Big data is to be used to clampdown on organised criminal gangs that target cyberspace.
It comes as a new centre established by the University of Bristol to help protect citizens online has created a shared data science framework to help law enforcement investigate organised crime.
The white paper, published by REPHRAIN, the National Research Centre on Privacy, Harm Reduction and Adversarial Influence Online in collaboration with the Dutch National Police, offers a solution to big data problems that tend to hamper police probes into this type of law-breaking.
The practice of attribution, who did what, is becoming increasingly complex as organised crimes incorporate deception, deletion and encryption in today’s Information Age. Even when law enforcement is able to retrieve evidence via digital forensics, the complexities of the collected data mean it cannot be easily processed into factual police reports.
A frequently proposed solution is the introduction of ‘smart’ data science technologies to support criminal investigations. However, the transition to data scientific investigations requires legal, organisational and technical harmonisation with other public partners including a shared language of data scientific operations.
A Practitioner-in-Residence at REPHRAIN, together with partners at the Dutch National Police, have put together guiding principles and best practices for data scientific investigations of organised crime. These have been developed and put into practice by operational experts over several years, while connecting to existing law enforcement and industry standards.
The associated framework is called CSAE (pronounced as ‘see-say’), a comprehensive framework that consists of a business process, methodology, policy agenda and public interest philosophy for data scientific operations. It stands for Collect, Store, Analyse and Engage.
REPHRAIN consolidates the UK’s considerable academic, industry, policy and third sector capabilities, and led by Bristol, provides a single body to engage with government, industry and citizens. The interdisciplinary team includes experts from the Universities of Bristol, Bath, Edinburgh, King’s College London and UCL, across a wide range of fields including – but not limited to – Computer Science, Law, Psychology and Criminology.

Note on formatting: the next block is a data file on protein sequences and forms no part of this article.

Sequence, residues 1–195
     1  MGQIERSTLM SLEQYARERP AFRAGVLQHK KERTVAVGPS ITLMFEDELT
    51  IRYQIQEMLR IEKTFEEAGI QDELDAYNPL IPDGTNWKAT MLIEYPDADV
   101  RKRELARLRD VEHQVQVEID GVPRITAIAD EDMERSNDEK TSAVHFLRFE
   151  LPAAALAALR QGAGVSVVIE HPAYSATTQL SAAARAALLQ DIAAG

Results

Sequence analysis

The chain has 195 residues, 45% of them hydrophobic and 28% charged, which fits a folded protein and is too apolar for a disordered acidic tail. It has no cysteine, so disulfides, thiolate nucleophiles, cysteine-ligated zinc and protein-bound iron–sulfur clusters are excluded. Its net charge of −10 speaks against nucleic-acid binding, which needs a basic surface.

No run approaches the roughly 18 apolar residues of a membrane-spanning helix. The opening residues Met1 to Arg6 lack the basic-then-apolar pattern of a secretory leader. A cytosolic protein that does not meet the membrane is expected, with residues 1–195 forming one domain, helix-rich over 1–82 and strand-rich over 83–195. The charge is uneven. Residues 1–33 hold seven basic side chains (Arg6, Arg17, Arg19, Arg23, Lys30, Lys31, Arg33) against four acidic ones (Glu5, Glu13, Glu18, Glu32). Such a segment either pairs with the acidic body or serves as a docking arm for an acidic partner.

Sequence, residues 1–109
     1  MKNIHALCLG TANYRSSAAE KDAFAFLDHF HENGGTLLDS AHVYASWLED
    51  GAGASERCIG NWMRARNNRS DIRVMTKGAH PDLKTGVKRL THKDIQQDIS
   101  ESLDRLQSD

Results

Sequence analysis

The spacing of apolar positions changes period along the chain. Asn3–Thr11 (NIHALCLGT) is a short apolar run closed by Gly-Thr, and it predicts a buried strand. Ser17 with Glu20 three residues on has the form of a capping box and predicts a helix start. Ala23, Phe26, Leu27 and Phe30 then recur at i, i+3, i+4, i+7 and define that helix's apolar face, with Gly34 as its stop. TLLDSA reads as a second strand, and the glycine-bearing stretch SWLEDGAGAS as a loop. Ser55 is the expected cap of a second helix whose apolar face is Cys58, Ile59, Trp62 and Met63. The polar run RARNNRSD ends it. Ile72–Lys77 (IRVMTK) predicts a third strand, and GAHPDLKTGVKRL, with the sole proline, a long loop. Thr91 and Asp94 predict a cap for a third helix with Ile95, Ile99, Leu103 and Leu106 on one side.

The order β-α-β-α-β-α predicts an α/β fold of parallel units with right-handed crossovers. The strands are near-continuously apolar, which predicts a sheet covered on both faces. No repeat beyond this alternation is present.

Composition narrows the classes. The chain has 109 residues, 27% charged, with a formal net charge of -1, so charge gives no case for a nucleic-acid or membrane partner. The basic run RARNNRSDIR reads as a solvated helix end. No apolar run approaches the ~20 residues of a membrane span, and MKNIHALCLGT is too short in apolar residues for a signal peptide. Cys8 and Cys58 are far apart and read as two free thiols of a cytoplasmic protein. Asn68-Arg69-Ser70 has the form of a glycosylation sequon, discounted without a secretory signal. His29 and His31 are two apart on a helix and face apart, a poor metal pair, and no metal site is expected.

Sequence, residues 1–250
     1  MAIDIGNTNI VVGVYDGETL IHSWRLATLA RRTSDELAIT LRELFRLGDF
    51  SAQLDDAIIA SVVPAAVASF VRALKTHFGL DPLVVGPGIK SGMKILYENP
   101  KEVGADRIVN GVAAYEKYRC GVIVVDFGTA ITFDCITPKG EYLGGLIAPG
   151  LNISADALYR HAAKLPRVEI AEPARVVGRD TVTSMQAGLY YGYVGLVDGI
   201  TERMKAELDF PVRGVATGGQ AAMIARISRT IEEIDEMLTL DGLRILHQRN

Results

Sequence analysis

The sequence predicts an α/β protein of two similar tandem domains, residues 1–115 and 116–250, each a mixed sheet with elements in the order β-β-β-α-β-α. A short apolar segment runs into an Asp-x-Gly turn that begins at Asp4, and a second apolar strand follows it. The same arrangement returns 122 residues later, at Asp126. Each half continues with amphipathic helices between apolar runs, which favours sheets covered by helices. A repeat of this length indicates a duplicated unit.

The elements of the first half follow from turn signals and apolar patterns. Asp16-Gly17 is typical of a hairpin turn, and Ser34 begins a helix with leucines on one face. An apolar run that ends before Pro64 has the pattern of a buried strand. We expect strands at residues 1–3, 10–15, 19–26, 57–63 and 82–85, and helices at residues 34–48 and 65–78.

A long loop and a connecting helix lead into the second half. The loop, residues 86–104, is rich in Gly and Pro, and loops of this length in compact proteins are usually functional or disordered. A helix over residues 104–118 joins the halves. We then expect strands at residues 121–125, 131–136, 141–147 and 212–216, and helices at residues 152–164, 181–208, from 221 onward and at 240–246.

“CSAE is a living document and will continue to be updated and improved when the academic world, industry and law enforcement provide feedback on concepts and implementation,” said the centre. “As CSAE is put into greater practice, additional lessons learned will be integrated into future versions. This will ensure CSAE is meeting the needs of law enforcement in the dynamic and challenging environment of crime and investigations.”
Erik van de Sandt of the National Police, The Netherlands; University of Bristol, National Research Centre on Privacy, Harm Reduction and Adversarial Influence Online (REPHRAIN), said: “The Dutch National Police are known for executing technically complex operations. Over the years, our experts have developed, implemented and refined a new type of law enforcement operations that we call data scientific investigations. “
“We have experienced how our comprehensive data science framework promotes harmonisation between law enforcement agencies as well as critical thinking by academics. It is because of this public interest philosophy that we share our framework with a broader audience. After all, both the effectiveness and legitimacy of criminal investigations are cornerstones of liberal democracies.”